One’s thoughts of others most certainly effect the harmony of his or her own experience. All too often I’ve found myself passing judgment on others, both people I know and even strangers. It’s probably easier to pass judgment on strangers because it’s easier not to feel guilty for doing so.
Last year, I was heading back to school from a weekend trip and I found myself judging others. I was acknowledging what I saw to be deficiencies in the people around me in the security line at the airport. I was judging the Transportation Security Administration officer who was diligently doing his job; mentally making fun of the woman behind me who was impatient; and labeling with limitations physically handicapped elderly people. As I passed judgment on these strangers, I was making myself feel better by being grateful that I wasn’t like them and was somehow better then them.
Soon after having these self-justifying thoughts, I found myself not feeling well. My thoughts were consumed with worry about the work that I had waiting for me back at school, I felt unhappy, and my stomach was bothering me. I saw that I needed to fix my thought and see these people as God created them. As I went into the bathroom to put some water on my face, the gentleman walking in front of me had an issue of Time in his pocket. I realized I was making assumptions about an individual’s lifestyle by the way that they dressed, the way they communicated with others, or even the kind of magazine they read. I started to question the basis on which I judged and evaluated others: Did I see others with material and corporeal labels, or with spiritual qualities? I made a conscious decision that in my thoughts I was going to begin seeing spiritual qualities in each individual I came across the rest of the day.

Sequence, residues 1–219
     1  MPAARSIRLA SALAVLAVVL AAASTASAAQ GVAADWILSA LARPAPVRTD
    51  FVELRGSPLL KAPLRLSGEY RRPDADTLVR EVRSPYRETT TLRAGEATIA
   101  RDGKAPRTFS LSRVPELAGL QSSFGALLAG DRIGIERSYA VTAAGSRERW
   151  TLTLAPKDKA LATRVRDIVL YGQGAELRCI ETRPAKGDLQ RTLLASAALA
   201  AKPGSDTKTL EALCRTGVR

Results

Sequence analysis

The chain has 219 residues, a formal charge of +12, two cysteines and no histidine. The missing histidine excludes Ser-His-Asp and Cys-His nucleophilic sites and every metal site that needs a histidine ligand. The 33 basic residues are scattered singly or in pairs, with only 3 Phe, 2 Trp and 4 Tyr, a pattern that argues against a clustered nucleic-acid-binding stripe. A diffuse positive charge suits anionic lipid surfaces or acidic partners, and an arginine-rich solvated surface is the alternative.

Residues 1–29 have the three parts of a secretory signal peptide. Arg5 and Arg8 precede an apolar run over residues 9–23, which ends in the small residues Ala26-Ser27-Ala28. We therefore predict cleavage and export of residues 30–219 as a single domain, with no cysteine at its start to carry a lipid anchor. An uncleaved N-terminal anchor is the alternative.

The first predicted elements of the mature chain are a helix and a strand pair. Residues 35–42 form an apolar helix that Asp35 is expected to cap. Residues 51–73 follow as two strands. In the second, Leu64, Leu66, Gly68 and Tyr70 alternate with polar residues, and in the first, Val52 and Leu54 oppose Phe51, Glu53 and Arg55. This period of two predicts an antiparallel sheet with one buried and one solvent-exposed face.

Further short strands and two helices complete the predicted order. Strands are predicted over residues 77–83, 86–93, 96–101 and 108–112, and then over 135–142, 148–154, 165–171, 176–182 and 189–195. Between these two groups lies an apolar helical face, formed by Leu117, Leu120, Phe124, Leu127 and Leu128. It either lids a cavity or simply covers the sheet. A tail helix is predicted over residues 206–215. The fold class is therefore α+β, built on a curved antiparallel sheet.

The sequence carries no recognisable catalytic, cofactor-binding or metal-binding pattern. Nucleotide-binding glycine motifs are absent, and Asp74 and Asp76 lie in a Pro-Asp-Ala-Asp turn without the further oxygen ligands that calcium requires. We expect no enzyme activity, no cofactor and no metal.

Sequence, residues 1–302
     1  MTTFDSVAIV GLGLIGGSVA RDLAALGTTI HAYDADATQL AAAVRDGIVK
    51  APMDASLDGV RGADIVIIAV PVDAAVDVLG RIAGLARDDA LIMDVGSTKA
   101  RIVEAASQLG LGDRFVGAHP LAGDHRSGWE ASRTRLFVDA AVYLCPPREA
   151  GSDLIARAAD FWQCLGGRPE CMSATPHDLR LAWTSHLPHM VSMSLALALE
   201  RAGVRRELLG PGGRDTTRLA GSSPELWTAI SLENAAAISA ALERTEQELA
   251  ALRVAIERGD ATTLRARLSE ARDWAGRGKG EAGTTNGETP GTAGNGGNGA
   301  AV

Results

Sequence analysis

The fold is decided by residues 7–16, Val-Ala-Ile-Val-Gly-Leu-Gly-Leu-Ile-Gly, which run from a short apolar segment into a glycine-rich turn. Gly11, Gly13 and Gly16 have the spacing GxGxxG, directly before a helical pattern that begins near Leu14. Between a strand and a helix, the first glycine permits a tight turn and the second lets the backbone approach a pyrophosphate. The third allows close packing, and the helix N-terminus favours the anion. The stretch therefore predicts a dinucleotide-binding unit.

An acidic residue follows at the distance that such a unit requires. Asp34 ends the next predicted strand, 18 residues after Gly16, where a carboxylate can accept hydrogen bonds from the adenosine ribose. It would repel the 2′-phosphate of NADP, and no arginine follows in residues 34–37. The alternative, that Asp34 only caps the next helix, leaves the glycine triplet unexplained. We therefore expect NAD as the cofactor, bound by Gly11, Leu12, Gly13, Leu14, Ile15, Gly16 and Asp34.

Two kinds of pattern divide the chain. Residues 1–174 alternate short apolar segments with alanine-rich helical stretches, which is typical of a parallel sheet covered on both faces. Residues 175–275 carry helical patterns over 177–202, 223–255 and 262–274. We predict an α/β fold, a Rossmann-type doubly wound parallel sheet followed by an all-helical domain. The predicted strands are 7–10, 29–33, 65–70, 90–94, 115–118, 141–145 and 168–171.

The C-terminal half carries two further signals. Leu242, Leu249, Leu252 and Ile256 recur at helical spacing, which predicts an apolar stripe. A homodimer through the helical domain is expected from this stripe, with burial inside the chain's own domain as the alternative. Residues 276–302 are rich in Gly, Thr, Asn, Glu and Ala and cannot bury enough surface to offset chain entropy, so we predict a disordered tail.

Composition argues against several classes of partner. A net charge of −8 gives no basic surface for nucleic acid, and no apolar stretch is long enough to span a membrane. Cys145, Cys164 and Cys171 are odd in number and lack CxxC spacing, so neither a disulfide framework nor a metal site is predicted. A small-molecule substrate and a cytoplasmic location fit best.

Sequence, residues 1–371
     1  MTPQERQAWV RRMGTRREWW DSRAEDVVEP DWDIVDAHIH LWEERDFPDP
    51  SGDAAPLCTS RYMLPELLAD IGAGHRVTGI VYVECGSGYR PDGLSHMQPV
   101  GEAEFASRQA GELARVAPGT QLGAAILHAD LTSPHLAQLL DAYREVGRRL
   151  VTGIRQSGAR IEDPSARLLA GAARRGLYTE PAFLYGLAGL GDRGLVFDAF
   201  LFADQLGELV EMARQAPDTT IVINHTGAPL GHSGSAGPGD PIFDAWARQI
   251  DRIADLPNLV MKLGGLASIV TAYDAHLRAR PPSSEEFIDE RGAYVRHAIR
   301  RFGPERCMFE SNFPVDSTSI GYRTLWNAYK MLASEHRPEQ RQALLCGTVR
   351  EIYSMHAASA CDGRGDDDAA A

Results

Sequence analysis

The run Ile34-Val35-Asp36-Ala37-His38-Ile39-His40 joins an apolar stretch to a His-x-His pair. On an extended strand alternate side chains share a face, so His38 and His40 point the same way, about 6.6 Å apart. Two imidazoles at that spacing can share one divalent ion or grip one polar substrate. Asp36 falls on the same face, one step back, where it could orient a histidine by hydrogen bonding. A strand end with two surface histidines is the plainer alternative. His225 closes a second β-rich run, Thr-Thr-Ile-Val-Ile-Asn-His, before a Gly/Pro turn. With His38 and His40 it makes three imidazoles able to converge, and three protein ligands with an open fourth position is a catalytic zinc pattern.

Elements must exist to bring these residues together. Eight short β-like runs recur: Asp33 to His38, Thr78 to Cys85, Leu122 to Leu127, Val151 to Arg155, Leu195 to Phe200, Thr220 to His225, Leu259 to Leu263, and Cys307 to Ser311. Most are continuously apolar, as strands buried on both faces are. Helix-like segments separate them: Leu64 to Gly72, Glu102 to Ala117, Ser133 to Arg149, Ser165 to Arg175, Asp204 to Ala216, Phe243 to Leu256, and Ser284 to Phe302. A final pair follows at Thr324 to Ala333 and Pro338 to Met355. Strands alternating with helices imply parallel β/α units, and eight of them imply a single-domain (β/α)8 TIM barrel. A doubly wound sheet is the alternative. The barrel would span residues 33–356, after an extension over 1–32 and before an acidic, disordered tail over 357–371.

As I stood in line to board the plane, I found myself glorifying the presence of Love expressed by the gate agent and the qualities of Principle evidenced by a mother standing in line with her child. Before I knew it, I felt better. The change in my thought elevated my consciousness to a level at which healing could happen. As I lifted my thought to a more spiritual level of healing my body followed suit and I was able to sleep like a baby on the flight. I returned to school feeling well rested and was able to get my work done with great enthusiasm and a fresh perspective.
In hindsight, I also realized that the negative judgments that I was passing on the strangers I encountered were making me feel better about myself by claiming others to be less than perfect. Over the years, I’ve learned that error takes on many guises. In this instance, it was judging others on material conditions, whether it was an ailment that appeared to the physical senses or a social limitation. It became easy to overcome this mental error as soon as I opened my thought to the spiritual reality of every individual.
If a flashlight is trimmed so that it has a narrow focus, it illuminates only part of the room, revealing the truth behind the darkness only in a particular corner of the room. Does this mean that the truth about the darkness in the rest of the room is nonexistent? Of course not! And so, when we broaden the lens of consciousness to reveal the spiritual truth in every corner of God’s kingdom, we see every individual in God’s kingdom has an identity and individuality preserved by God. Mary Baker Eddy wrote, “God is the Life, or intelligence, which forms and preserves the individuality and identity of animals as well as of men” (Science and Health, p. 550). When we widen the lens of our spiritual flashlight, we recognize that the only identity that God preserves for each one of us is as a child of God.
The experience in the airport has helped me to love unconditionally each and every individual around me. To me, unconditional love means that everyone is worthy of my love and compassion and that all children of God will be filled with the richness of divine Love in their hearts.
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